Rupert Murdoch transformed media and politics on three continents, building a chain of newspapers he inherited from his father at just 21 into a lucrative and profoundly influential right-leaning empire.
A shrewd and often merciless businessman, the 92-year-old Murdoch announced he is stepping back from both News Corp and Fox, conglomerates which made him a billionaire and a fearsome political king-maker in his native Australia, his adopted United States, and Britain.
The two companies announced that Murdoch’s eldest son Lachlan, currently co-chair of both and chief executive at Fox, would become sole chair.
The elder Murdoch will become chairman emeritus at both, and he is not giving up his controlling shares, meaning he is not likely to completely step away from his powerful media portfolio.
Murdoch built a fortune estimated at $17 billion by Forbes with a disdain for snobbery and convention combined with a knack for finding new value in staid media outlets.
Born in Melbourne, Australia, Murdoch plunged into the news business suddenly when his father died at 66 in 1952, leaving him the struggling Adelaide News.
Murdoch turned the paper around, and then began a five-decade spree of acquisitions that took him to Britain — where, in short succession, he bought the News of the World, the Sun and the Times — and then the United States, where he added the New York Post, 20th Century Fox, and Dow Jones, owner of prestigious title The Wall Street Journal.
He made the Sun a top tabloid with scandalous headlines and large photos of scantily clad women on Page 3, but it was the politics that grated many the most.
Critics reviled the unabashed support his empire gave conservatives, as well as groups espousing unfounded right-wing conspiracy theories.
The Sun claimed to have swung Britain’s April 1992 general election in favor of the Conservative Party, while
Fox News was credited with giving billionaire political novice Donald Trump the boost he needed to win the US presidency in 2016.
The relationship was reciprocal: Trump’s close cooperation with the channel helped boost Fox’s earnings hugely.
Former Australian prime minister Kevin Rudd of the Labor Party didn’t mince words, describing Murdoch as a “cancer on our democracy.”
Murdoch however seemed to relish his position as a target of the left.
“When you’re a catalyst for change, you make enemies — and I’m proud of the ones I have got,” he said in one interview.
Murdoch also understood early that newspapers were not the future: in 1989 he launched 24-hour satellite TV channel Sky News in the UK and, seven years later, cable-based Fox News in the United States, a conservative foil to the new giant CNN.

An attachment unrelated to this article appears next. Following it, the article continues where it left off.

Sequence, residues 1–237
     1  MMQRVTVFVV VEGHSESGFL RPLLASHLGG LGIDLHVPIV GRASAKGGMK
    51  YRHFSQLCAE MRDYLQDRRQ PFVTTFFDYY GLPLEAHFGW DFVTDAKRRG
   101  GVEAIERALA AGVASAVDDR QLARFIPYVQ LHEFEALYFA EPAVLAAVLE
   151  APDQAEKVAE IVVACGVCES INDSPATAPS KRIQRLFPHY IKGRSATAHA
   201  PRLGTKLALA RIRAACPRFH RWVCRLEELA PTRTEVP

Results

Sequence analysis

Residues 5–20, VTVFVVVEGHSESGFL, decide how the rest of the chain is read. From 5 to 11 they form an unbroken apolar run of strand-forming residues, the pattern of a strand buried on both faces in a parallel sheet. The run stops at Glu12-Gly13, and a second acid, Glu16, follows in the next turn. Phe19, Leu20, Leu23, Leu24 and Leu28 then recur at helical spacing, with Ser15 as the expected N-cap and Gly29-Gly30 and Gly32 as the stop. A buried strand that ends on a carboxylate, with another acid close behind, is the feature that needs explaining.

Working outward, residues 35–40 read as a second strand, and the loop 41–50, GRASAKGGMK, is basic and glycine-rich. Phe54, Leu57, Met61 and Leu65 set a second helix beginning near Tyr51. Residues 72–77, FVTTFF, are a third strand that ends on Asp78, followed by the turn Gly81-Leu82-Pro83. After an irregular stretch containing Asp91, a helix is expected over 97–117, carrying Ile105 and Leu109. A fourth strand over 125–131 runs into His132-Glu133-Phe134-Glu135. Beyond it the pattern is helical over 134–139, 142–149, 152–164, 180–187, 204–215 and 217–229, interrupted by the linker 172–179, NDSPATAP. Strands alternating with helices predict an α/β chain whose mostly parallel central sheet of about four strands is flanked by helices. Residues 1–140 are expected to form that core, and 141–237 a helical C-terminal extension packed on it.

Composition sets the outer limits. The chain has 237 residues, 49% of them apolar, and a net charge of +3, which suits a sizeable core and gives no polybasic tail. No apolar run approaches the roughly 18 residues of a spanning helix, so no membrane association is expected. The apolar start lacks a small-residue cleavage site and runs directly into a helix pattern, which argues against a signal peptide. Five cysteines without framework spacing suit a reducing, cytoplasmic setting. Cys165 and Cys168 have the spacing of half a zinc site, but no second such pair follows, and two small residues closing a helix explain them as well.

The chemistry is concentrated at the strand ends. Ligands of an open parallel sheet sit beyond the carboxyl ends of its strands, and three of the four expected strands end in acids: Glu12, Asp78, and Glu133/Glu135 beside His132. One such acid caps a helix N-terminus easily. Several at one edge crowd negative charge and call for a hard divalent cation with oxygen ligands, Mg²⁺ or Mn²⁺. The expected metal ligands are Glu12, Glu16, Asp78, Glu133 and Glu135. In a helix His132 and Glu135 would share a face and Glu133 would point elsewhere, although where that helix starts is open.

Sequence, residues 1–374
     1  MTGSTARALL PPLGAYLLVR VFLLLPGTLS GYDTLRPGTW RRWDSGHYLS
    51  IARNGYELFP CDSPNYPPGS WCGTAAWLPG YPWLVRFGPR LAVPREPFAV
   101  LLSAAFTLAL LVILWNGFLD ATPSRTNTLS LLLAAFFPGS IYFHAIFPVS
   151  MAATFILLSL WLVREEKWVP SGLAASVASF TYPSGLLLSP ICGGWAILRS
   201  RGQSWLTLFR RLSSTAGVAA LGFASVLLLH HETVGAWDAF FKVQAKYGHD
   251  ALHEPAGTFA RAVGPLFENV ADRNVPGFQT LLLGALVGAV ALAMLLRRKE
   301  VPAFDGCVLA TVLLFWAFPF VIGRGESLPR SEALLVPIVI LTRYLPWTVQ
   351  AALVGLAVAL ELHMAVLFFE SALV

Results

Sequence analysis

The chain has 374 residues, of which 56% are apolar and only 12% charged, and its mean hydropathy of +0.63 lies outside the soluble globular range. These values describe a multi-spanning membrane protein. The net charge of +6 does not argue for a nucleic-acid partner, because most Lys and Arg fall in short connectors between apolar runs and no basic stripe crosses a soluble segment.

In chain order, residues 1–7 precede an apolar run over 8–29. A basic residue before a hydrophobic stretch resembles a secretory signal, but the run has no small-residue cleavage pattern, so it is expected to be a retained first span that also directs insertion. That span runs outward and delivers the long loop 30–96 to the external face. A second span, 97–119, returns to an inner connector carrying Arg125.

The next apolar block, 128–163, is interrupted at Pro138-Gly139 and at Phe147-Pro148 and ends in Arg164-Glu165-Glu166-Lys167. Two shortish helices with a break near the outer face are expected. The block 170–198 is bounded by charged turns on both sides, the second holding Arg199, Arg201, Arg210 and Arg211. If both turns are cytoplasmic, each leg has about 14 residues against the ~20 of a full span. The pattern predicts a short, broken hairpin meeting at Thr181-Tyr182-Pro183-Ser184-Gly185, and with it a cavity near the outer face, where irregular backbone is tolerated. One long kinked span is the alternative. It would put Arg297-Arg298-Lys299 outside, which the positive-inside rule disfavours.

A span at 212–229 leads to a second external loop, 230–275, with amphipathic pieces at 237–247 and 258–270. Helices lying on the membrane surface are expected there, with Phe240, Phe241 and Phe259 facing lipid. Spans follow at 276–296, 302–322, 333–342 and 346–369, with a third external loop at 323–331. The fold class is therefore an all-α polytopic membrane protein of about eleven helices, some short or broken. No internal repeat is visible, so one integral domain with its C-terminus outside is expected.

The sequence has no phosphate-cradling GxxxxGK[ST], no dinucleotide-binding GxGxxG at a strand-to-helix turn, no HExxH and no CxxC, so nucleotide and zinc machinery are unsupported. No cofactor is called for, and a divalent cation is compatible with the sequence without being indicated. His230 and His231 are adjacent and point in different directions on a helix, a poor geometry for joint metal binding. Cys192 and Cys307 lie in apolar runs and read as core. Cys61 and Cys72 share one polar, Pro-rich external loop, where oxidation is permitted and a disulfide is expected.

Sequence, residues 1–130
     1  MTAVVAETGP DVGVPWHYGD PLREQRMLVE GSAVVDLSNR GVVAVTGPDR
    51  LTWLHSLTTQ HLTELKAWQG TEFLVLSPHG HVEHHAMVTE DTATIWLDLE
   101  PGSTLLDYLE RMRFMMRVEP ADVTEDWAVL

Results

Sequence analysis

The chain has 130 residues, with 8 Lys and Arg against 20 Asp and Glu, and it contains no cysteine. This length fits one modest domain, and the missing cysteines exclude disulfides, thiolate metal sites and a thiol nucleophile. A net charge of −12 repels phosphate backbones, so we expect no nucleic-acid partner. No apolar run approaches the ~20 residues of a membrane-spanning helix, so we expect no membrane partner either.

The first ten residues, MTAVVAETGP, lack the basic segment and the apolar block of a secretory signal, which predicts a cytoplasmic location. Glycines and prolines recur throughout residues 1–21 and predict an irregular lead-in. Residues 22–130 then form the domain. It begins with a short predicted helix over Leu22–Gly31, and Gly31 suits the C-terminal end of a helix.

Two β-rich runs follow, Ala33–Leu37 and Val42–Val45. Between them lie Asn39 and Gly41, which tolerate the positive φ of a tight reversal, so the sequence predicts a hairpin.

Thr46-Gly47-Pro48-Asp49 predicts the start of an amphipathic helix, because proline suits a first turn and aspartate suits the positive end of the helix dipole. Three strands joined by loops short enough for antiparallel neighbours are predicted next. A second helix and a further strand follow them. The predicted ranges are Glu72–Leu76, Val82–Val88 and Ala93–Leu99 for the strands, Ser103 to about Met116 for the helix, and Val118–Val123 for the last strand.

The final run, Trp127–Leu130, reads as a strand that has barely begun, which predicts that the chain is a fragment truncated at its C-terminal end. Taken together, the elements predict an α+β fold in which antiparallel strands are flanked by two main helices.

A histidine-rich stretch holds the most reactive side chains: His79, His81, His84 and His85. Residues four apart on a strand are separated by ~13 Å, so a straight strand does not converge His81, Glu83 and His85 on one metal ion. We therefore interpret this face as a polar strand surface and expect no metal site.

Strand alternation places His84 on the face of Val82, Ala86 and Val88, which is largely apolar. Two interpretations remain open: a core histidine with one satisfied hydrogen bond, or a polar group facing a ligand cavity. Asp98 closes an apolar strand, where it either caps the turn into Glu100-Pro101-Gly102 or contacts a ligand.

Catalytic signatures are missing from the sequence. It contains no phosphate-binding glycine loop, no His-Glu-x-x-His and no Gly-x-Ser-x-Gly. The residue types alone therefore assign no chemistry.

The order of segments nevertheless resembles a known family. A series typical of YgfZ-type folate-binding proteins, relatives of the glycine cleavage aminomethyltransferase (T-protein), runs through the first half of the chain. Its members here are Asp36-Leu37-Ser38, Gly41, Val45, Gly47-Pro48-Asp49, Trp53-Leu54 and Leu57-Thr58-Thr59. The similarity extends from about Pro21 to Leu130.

While the TV news and related channels boosted his fortune, Murdoch has hung onto his newspapers despite the industry’s questionable profitability amid the rise of the internet and social media.
Financially, he scored big with the $71 billion sale in 2018 of film studio 21st Century Fox to Disney.
Murdoch said at the time he was “returning to our roots, which is news and sports.”
But over a decade, his News Corp stock has been flat, with investors not seeing huge profitability from the traditional media.
Murdoch’s personal life and family have meanwhile generously fed the kind of news stories he reserves for politicians he dislikes.
That includes his four marriages and divorces — the third to a Chinese-American businesswoman, Wendi Deng, 38 years younger than him, and the fourth to Mick Jagger’s ex-wife, model Jerry Hall.
Murdoch abruptly called off a fifth marriage earlier this year, two weeks after his engagement, according to reports.
Meanwhile, speculation has simmered for decades over when he would retire and which of his children — Elizabeth, 55, Lachlan, 52, or James, 50 — would inherit control of his media empire.
The has intensified in recent years amid reports that secretive Murdoch has experienced some serious health issues.
The New York Times reported that in January 2018 he fell while aboard his yacht in the Caribbean, suffering fractured vertebrae and a potentially life threatening spinal haematoma.
His injury, and its potential impact on his business empire, was hidden for weeks.
All of that, and more, has been source material for the hit HBO show “Succession,” about aging, ruthless media mogul Logan Roy and his two sons and one daughter, all scheming over the future of their media conglomerate.